Joe Clark

Severe technical editing

For over 25 years, I’ve edited difficult nonfiction works – the kind that require endless fact-checking (“verificationism”) and utmost internal consistency. (Did you write JPG here but JPEG everywhere else? Let’s fix that.)

I call my work severe technical editing because some works prove to be unpublishable after I edit them – i.e., my edits proved the books were unpublishable. One design book that I severely edited was only ever published nearly two decades later (and with none of my edits).

I’ll turn in lexically, typographically, semantically correct documents. That means:

Expect an avalanche of corrections

Just make sure you understand what you’re signing up for. You aren’t paying for some errors to be corrected. The 550-string software example above produced 130 correction files.

If you hire me, you really have to want every mistake in your manuscript corrected. The converse is also true: If you want every mistake fixed, hire me.

Indeed, hire me if you want somebody more competent editing your manuscript than a Millennial female with no real experience reading professionally edited copy. (I’ve just described most copy-editors in the 21st century.)

Fact-checking will be more thorough than you might expect

I assume every stated fact is incorrect. If presented with the phrase “Canadian Prime Minister Justin Trudeau,” I will verify:

  1. that there is a place called Canadian (there isn’t; it’s Canada and the adjective is Canadian)

  2. that Canada has a prime minister

  3. that Prime Minister is rendered in initial caps (only in some contexts; probably not this one)

  4. that Justin Trudeau exists; that his name is rendered that way; and that he was the sitting prime minister at the time the manuscript was written and when it is expected to be published

Note use of “rendered” instead of “spelled” or “written.” Getting spelling right only begins to address the task of rendering text accurately.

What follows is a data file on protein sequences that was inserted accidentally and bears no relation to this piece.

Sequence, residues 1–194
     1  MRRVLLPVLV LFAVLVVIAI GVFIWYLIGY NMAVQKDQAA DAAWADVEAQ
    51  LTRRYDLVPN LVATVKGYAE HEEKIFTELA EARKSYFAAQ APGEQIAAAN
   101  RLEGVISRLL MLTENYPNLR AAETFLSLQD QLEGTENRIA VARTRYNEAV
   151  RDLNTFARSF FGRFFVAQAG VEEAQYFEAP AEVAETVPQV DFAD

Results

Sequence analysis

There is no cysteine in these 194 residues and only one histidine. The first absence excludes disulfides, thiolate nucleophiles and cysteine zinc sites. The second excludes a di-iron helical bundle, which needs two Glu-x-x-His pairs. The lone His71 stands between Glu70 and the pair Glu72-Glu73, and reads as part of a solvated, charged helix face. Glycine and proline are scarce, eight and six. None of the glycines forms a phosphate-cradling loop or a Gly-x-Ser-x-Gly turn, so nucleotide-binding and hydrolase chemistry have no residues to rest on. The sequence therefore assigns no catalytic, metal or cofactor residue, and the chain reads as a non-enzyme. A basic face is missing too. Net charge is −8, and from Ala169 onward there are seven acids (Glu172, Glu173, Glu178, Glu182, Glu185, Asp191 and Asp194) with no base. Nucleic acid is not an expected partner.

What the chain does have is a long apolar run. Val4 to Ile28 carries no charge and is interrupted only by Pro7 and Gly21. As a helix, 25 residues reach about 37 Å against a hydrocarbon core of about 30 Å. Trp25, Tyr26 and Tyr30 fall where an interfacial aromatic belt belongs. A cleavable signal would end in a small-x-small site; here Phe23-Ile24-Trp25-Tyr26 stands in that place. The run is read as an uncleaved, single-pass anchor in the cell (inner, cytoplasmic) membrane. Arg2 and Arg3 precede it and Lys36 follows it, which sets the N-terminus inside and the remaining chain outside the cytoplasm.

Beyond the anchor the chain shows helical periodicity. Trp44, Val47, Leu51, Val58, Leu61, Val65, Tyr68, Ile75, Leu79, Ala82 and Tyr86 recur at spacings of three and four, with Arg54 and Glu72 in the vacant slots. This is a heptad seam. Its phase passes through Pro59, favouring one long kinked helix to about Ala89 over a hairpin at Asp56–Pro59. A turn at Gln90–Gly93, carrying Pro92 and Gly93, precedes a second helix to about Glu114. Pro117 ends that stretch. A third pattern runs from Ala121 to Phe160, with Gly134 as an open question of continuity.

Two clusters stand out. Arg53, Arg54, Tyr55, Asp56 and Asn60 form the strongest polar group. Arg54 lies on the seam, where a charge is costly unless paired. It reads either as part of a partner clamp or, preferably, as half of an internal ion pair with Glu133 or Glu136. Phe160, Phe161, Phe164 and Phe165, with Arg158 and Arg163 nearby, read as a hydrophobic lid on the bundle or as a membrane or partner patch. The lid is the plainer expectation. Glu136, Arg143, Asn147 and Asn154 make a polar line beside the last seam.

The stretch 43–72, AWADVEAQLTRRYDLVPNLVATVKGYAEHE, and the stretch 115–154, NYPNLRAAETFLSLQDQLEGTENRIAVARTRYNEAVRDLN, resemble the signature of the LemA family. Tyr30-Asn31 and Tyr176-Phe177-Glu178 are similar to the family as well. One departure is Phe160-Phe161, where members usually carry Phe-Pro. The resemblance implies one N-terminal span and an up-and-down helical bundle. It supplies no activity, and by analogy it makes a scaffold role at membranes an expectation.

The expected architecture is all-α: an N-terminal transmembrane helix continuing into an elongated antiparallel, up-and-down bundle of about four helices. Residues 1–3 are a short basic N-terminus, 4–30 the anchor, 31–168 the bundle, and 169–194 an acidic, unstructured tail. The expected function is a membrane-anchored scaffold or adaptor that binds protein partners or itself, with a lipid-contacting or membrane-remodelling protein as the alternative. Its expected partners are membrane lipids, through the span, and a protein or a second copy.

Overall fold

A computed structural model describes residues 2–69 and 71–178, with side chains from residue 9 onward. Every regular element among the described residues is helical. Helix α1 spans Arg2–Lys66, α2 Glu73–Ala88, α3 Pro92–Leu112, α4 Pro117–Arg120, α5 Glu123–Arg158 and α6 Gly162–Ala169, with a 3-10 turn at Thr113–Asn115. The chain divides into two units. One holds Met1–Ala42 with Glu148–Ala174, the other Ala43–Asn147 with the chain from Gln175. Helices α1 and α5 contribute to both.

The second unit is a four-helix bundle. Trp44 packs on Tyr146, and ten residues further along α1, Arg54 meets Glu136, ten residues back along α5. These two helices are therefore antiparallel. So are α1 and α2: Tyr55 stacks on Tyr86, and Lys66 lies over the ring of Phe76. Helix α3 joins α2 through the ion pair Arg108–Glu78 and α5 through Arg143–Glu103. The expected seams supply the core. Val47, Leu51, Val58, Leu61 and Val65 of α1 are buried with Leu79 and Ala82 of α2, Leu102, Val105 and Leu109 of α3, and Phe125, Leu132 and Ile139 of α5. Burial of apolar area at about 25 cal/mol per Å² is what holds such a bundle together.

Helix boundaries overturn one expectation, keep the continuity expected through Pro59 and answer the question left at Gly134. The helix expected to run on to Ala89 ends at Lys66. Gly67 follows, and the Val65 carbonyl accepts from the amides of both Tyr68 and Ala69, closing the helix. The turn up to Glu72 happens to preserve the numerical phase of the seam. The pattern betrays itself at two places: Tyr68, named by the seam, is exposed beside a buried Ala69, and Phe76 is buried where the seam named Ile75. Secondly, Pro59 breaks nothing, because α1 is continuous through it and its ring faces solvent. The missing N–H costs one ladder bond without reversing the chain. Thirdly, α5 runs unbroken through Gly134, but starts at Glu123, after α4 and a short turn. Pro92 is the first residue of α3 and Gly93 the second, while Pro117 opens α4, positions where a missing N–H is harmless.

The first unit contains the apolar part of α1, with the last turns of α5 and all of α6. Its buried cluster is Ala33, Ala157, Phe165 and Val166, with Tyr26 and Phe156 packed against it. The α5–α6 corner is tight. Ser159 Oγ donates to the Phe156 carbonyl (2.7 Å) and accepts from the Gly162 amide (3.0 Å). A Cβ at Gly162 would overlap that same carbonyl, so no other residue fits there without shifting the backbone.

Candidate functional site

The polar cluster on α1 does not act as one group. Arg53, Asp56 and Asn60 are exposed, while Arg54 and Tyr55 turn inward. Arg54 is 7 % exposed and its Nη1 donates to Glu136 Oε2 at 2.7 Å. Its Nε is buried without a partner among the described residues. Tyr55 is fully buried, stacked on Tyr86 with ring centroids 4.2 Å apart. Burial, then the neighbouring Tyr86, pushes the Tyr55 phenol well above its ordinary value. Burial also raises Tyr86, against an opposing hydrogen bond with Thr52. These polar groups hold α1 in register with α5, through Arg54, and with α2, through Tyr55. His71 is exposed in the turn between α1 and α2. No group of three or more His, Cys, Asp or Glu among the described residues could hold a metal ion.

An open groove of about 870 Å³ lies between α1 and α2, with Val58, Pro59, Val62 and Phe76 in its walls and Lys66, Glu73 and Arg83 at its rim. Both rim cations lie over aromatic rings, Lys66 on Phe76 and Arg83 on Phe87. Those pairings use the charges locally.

If that sounds like New Yorker–style fact-checking, that’s by design. I am, after all, someone who finds errors in the New Yorker.


If you’re trying to communicate science or technology to a civilian audience, you should let me edit your manuscript.

I’ll make it understandable. I’ll make sure it reads and flows well (a common failing of technical writing). And you’ll probably end up with a noticeably longer manuscript, but one that people will actually read and understand.

But don’t hire me in these cases

If you have a contract with O’Reilly, New Riders, or similar legacy technology publishers, then what you’ll end up with is a tedious technical or computer-programming book of the sort those publishers ship by the ton. All authorial individuality will be ruthlessly stamped out by these half-assed and incompetent publishers.

You can easily Google the names of enough half-assed, semi-competent “technical editors” you can hire to forge your manuscript into the undifferentiable widget required by your contract. Don’t bother trying to hire me.

Costs & contacts

Is your manuscript good enough?

I’ll make it better. Get in touch.


I’m an actual sociolinguist with 30 years in typography. I’ve got about 400 published articles to my name and have published two nonfiction books (one with New Riders, mentioned above). I’ve been online for 27 years, I’ve volunteered on technical standards bodies, and have written guides for other journalists on producing clean copy.

Most important of all, I am of the last generation that spent a lifetime learning things the hard way, developing broad general knowledge, and reading, reading, reading.

Easter egg

Did you spot the subtle copy error on this page?

Updated: 2019.01.17 ¶ 2020.06.23